The cost of caring for people with Alzheimer’s or other dementias is expected to soar in the coming years, as is the number of people living with the conditions, a new report by the Alzheimer’s Association finds.
This year alone, the report estimates that those with the aforementioned conditions – about 5.7 million individuals nationwide – will run the nation a tab of around $277 billion in treatment and caregiver costs, among other things. By 2050, that number could rise to more than $1.1 trillion, according to the 2018 Alzheimer’s Disease Facts and Figure report.
Making matters worse, the report says that Florida will be forced to carry a hefty burden of those rising costs as the state’s population continues to balloon, with some estimates arriving at a 33.3 percent population increase over the next seven years. That means the roughly 540,000 people currently living with either condition in Florida is likely to increase by a third.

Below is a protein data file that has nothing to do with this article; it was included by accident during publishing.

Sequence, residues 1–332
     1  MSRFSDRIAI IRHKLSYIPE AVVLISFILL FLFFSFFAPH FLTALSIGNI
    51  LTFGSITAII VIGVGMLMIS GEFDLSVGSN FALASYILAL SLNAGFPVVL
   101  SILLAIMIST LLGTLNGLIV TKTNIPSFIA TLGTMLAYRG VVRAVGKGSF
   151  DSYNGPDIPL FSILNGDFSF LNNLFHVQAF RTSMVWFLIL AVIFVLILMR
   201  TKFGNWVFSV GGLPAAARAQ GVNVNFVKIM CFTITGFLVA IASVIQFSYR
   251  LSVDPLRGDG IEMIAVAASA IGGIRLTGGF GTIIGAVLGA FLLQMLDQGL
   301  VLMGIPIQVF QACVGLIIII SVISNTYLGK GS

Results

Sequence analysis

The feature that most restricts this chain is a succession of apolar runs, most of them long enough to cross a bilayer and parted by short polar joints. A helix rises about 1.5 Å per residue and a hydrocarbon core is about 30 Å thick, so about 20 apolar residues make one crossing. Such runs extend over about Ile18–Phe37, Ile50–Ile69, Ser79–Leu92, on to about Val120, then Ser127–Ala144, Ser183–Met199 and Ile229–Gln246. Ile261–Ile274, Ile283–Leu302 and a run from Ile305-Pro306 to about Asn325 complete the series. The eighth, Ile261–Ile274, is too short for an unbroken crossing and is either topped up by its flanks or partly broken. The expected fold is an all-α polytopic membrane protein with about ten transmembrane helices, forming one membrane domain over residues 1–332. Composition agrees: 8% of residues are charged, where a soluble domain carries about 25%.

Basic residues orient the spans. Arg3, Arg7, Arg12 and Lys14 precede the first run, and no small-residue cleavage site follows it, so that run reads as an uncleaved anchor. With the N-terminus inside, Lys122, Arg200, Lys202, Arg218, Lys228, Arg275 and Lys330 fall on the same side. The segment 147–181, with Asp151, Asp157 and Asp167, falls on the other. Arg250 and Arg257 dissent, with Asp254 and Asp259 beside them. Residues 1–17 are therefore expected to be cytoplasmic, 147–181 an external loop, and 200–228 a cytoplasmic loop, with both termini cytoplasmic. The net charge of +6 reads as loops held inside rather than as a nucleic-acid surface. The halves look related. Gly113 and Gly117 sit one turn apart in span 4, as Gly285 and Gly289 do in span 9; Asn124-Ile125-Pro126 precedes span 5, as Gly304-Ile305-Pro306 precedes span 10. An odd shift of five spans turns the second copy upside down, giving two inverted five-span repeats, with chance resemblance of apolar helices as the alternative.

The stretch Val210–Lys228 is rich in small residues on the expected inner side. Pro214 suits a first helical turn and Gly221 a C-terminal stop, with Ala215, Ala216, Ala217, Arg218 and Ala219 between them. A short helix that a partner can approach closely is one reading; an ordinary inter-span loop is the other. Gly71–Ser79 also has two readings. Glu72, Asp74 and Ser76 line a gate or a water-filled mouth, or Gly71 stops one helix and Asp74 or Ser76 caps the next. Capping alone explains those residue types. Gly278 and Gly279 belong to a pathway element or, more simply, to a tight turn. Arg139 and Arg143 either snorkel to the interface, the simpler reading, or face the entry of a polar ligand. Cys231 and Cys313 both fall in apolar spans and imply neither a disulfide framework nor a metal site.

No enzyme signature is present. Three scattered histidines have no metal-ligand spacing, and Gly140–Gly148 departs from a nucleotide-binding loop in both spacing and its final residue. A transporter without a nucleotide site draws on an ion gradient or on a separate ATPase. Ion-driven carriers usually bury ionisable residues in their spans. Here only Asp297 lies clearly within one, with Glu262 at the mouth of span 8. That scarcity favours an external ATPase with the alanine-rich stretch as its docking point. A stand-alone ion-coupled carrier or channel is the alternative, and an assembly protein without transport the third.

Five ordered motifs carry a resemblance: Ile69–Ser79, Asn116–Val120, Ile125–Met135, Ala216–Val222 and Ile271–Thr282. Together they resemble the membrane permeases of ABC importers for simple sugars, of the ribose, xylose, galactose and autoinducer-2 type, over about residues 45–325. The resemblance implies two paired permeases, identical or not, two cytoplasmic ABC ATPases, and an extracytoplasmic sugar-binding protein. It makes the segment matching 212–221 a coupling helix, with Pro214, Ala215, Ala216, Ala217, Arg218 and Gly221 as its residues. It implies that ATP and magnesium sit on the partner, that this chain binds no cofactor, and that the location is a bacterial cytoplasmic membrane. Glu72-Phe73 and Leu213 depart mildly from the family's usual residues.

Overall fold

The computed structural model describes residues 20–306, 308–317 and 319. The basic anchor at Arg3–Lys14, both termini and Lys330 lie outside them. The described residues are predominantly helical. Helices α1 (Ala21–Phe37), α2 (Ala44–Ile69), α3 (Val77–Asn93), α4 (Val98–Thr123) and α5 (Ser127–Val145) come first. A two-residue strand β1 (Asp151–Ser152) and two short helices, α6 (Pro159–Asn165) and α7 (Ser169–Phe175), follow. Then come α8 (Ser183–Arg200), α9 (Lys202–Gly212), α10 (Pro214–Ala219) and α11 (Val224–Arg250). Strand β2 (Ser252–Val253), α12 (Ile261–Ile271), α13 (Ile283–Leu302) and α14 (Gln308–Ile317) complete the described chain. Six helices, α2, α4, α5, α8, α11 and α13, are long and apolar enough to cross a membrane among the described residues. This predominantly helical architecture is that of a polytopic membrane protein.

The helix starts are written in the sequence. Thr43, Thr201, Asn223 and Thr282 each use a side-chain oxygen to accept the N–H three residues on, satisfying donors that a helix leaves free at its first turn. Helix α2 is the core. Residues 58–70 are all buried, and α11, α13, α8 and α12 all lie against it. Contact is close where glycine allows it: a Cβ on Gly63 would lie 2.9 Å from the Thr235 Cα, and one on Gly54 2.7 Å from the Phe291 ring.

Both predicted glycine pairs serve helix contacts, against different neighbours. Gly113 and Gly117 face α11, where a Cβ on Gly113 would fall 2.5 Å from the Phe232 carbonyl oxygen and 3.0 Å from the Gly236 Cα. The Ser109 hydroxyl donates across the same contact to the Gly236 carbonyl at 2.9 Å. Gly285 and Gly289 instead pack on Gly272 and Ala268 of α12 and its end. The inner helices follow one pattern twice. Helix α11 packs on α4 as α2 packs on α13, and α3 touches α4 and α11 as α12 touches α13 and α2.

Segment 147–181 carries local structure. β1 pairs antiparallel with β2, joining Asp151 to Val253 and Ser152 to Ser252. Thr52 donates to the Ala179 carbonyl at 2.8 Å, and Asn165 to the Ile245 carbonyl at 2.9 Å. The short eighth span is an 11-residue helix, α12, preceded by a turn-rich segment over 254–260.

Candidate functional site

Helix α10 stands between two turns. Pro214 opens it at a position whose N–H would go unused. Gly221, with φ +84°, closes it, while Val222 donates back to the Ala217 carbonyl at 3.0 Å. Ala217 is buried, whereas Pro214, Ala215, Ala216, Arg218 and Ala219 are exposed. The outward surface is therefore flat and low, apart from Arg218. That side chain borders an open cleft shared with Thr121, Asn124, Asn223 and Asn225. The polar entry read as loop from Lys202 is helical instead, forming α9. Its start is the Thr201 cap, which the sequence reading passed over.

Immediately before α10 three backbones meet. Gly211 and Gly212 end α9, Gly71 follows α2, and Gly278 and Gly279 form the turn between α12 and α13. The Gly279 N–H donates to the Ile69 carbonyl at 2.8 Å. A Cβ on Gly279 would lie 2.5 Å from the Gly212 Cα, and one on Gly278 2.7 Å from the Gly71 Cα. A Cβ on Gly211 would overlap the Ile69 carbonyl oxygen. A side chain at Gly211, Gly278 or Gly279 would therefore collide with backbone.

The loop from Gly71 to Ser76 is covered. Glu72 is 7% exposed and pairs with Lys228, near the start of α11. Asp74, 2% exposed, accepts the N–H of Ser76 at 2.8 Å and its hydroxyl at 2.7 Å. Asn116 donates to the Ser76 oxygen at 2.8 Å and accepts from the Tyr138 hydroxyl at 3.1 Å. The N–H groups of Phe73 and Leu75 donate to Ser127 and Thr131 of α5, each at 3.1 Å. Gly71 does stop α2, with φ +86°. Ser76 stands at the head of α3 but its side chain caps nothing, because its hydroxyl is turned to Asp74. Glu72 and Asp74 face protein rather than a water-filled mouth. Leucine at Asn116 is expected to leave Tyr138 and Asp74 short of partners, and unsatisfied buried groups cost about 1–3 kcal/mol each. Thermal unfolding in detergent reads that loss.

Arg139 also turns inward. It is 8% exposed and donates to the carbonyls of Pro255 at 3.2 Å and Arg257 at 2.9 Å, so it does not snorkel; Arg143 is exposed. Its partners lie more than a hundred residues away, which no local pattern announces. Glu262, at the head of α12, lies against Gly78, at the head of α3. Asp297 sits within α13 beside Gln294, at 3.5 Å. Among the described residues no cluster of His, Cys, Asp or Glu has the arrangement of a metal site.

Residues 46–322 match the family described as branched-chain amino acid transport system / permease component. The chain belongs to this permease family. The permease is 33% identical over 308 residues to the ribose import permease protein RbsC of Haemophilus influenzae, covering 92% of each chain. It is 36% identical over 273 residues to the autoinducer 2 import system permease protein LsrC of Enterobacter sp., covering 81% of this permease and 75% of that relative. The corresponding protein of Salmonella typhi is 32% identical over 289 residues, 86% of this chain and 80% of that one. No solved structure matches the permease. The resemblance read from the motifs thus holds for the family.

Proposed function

But it’s not all about patient-care as far as the root of costs are concerned, because the diseases are also taking a toll on caregivers as well.
In 2017, about 16 million Americans provided more than 18 billion hours of unpaid care to those suffering from the debilitating conditions, whether in the form of physical, emotional or financial support, which was valued upwards of $232.1 billion. That left more than $11.4 billion in additional health-care costs for caregivers.
In Florida, the report finds that 1.1 million caregivers provided a total of 1.27 billion hours of unpaid care, which amounts to more than $16 billion in unpaid care. That left more than $793 million in additional health-care costs for caregivers in 2017.
For the full report, click here